This is my second question as of recently, so it will be my last for a while. I appreciate you previous feedback. but would like a little more clarification.
As I stated in my previous post, I continue to have active warts. Is it possible if my hand were to touch a wart, that the disease could sit on my fingers and spread if I were to touch my mouth? I only ask because yesterday after showering, I was examining the wart. I then received a phone call, and I neglected to wash my hands. Within ten minutes, I noticed I was scratching at the corner of my lip. I also have a young baby at home and try to remember to wash or use any hand sanatizer before contact. I sometimes wipe food off her mouth just using my hand.
Im sure this seems ridiculous, but with the warts active, I want to know the limitations of contact with myself and others.
I think you are worrying more than you need to. We are still learning much about HPV infections and indeed they are so widespread that we can safely say that nearly everyone will have HPV infections over the course of their lives and that just about everyone who has ever had sex will acquire one or more of the genital infections. Despite the fact that these infections are virtually omniscient, they rarely cause disease and when disease occurs, it tends to occur in person who do not seek regular medical care, either as part of routine health care (i.e. like PAP smears for women) or when problems appear.
Transmission of genital HPV by touching may happen but if it does it is very, very rare (remember, there are people who have been struck by lightning). There are several good scientific reason for this. These include that with each transfer from one surface to another (i.e. from a wart to your hand or from your hand to another person's skin) substantially less virus is transferred- this "dilution effect" reduces infectivity markedly since the likelihood of infection is proportional to the amount of virus one is in contact with. Secondly, different types of HPV tend to "like" different parts of the body. Thus genital warts do not tend to cause infection on non-genital skin.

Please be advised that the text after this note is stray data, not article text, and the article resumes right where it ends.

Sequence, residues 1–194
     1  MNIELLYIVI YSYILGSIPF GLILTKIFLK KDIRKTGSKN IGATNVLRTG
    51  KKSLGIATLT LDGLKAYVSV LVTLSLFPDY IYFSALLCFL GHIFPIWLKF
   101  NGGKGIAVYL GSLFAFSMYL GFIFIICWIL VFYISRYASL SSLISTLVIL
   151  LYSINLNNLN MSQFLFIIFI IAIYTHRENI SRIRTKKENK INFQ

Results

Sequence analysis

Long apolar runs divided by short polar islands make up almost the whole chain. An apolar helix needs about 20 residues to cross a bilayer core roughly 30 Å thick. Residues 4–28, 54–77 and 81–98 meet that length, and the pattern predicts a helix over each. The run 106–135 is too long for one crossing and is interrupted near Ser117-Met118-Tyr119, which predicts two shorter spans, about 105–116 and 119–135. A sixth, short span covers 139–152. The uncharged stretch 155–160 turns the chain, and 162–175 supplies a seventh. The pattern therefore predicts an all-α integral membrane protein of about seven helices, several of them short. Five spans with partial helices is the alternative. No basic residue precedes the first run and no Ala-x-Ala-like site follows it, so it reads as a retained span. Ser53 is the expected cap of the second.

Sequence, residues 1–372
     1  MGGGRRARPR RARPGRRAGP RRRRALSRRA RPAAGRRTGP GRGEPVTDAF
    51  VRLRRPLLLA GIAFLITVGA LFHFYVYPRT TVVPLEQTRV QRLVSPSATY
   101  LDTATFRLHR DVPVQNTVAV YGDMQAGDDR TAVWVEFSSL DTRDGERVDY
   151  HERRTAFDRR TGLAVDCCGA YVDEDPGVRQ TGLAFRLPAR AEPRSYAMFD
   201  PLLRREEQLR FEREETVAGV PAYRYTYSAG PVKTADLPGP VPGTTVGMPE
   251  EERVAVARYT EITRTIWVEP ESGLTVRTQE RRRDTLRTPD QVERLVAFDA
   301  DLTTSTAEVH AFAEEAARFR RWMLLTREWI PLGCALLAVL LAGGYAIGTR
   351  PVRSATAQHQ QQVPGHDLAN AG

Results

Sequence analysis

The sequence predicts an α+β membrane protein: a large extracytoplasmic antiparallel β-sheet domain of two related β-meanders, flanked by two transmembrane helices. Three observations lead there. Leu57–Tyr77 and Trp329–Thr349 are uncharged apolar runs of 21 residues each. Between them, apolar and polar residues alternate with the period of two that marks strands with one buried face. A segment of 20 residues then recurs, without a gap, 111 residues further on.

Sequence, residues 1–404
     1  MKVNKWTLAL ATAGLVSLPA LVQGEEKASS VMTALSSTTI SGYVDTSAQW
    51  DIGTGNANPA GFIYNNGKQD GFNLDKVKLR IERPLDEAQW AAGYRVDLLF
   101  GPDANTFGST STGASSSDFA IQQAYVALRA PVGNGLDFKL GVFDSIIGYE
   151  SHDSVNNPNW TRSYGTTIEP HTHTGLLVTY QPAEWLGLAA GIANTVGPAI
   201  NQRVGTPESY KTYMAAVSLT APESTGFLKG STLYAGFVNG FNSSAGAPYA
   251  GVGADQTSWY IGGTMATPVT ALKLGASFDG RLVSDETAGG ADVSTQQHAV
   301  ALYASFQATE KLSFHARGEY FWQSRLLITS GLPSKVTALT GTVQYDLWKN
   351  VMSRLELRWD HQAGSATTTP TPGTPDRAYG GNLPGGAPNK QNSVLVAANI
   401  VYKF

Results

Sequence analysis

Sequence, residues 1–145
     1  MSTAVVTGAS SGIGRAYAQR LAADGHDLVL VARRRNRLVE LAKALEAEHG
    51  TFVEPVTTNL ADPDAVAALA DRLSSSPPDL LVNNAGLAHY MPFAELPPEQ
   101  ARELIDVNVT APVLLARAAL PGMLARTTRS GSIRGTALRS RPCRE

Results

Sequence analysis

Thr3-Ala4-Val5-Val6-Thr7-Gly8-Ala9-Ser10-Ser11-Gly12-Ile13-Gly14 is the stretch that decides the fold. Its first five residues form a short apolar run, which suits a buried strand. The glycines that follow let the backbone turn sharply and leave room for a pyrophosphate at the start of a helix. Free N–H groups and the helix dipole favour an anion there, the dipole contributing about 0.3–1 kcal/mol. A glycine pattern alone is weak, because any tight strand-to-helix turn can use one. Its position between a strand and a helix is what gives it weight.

I would not worry about HPV transmission related to casual contact of the sort you describe. Having said that, in that this is your 2nd post over a short period of time, it may be that your warts have, for some reason, caught your attention in a way that is hard to shake. That being the case, if these sorts of concerns are going to continue to plague you, why not go to a dermatologist and get rid of them once and for all. While I applaud your concerns for those around you, a continuing focus on this is not good for you.
I hope my comments and perspectives are helpful. EWH
Thank you again. I do agree that this has been hard for me to shake. Especially when it comes into making sure my loved ones are safe. My wife is aware of my concerns and was vaccinated years ago. With a little one in the house, I wanted to make sure I was knowledgeable of possible casual transmission. However, it is evident that certain strains of hpv are considered sexual because of the methods of transmission. As you mentioned, transmission this way is extremely rare, and I should not worry. I will now focus on myself and see a doctor to have my occurence dealt with. I REALLY appreciate all you and Dr. H do. Happy Holidays to you!
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